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Behind the cliff two razor-backed ridges ran parallel for almost five miles before fading into the sea. Between the two ridges a small, rugged but protected valley nurtured a hardy pine forest. At the sea end of the valley was a tiny, shallow and sheer walled bay.

A few miles away another similar, though smaller, island thrust up out of the sea, and beyond that another, smaller yet. The three islands were the peaks of drowned mountains, the three highest of a range that would have been spectacular if they had been on land.

There was life on the islands but only on the big island was there anything beyond scrub, insects and roosting birds. The pine forest nurtured a simple ecology of insects, birds and rats. The sea birds had nested here for untold millennia, and their guano helped fertilize the valley. The rats had come aboard ships and in their first hundred years had all but destroyed the rookery and other life on the island. Over the last half millennia nature had reasserted balance and now a few hunting birds kept the rats in check and the surviving sea birds were much more cautious about nesting sites.

The rain was regular and the weather relatively cool so fresh water was not a problem. A small stream ran down the middle of the valley, passing through a small pond that emptied over a cliff into the bay. It was difficult to tell now but the pond and final few yards of streambed were manmade, built hundreds of years before by Dutch merchants making sure that there was a source of fresh water if they got swept out into the great ocean by a storm while rounding the Cape of Good Hope.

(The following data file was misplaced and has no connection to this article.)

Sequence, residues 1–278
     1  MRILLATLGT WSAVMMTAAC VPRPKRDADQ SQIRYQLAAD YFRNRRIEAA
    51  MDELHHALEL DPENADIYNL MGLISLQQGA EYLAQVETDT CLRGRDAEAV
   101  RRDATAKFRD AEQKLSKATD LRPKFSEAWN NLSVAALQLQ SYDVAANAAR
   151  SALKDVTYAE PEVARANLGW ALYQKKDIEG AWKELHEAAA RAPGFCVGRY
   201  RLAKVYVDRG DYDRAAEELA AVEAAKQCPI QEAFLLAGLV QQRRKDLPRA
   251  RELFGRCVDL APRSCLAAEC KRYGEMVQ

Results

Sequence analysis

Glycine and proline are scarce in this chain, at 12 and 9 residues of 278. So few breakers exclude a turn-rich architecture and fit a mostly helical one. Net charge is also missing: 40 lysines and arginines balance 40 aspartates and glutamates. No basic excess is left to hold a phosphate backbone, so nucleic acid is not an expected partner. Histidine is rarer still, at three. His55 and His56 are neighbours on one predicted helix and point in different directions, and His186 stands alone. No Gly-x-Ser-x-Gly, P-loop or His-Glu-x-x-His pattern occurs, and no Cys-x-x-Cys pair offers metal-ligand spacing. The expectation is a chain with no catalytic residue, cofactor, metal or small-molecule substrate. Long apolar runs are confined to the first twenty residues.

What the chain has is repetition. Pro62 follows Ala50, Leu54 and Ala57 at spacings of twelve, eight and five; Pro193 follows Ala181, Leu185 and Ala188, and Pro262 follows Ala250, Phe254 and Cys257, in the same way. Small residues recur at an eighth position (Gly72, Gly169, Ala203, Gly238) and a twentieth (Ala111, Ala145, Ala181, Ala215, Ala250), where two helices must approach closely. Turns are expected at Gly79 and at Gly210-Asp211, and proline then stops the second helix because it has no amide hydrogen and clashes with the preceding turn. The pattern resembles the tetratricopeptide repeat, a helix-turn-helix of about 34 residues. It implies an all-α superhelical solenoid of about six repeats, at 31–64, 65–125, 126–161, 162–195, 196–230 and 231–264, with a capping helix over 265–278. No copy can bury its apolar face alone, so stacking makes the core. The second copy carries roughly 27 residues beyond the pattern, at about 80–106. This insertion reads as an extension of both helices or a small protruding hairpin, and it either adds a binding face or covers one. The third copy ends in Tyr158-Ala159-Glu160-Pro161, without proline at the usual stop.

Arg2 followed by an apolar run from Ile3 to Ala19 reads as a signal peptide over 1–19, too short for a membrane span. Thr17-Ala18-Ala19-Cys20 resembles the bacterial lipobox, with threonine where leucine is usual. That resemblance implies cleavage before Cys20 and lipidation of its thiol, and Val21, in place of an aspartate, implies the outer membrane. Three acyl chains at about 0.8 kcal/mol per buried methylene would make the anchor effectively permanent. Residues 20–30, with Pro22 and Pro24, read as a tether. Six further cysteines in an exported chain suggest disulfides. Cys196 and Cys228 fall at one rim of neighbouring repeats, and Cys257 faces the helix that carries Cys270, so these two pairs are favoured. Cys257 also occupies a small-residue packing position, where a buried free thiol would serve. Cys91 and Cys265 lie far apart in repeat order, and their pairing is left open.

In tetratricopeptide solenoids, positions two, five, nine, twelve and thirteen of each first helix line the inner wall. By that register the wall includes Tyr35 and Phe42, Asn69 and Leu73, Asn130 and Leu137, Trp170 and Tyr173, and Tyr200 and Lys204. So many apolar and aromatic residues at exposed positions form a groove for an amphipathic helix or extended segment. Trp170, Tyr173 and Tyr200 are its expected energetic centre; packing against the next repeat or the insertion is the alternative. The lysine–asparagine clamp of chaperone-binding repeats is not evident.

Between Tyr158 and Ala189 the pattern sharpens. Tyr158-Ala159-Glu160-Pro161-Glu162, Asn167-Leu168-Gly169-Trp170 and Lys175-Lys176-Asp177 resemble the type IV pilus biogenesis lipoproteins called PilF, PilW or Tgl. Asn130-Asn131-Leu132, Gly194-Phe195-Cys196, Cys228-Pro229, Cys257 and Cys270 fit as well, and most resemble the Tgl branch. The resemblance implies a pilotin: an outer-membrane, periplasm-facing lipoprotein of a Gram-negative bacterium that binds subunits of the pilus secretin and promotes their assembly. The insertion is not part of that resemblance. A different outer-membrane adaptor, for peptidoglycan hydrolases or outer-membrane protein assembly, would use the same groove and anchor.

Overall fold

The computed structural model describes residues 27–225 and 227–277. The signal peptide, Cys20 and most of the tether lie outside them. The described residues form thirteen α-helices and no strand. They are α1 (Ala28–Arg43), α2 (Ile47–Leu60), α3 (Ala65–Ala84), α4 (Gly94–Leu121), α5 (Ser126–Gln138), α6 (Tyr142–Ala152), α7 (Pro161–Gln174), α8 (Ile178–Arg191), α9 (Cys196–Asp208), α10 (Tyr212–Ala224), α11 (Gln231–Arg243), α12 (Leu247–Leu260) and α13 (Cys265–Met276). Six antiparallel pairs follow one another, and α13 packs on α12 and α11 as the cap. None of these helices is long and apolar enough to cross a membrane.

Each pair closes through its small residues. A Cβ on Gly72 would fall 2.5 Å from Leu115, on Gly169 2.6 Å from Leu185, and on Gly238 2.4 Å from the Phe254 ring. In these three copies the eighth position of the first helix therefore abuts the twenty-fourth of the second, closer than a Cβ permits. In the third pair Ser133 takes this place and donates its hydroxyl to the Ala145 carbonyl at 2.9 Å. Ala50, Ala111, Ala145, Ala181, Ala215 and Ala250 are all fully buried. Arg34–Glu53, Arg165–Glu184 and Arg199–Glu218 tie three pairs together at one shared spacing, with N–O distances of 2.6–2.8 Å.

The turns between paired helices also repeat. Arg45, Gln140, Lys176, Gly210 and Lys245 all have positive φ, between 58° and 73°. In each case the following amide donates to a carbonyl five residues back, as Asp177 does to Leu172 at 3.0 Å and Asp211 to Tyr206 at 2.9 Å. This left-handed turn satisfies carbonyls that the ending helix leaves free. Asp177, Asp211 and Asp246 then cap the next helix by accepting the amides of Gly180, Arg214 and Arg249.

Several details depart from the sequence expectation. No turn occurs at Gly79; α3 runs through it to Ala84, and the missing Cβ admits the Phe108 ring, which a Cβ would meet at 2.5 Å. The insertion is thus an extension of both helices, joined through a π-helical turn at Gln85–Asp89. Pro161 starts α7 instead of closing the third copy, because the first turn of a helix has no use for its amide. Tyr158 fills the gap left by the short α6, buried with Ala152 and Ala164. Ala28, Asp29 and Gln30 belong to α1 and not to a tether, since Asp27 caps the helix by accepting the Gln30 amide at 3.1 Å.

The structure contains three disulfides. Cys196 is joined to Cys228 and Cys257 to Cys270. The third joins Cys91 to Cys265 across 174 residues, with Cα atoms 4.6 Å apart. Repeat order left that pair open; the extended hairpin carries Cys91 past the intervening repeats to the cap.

The island had never been permanently inhabited - and rarely visited - since there was nothing of value, especially considering the thousand miles of sea between it and any really inhabitable piece of real estate. At least it hadn’t been purposely inhabited, twice before castaways had inhabited it. Once, a thousand years earlier, by Polynesians who had left after using local materials to repair their storm wrecked catamaran. The second and longer inhabitation had not ended so well. The crew of a foundered Chinese merchant junk had perished here one by one. The last one dying insane and alone a hundred years before the first European ever set eyes on the lonely pinnacle.

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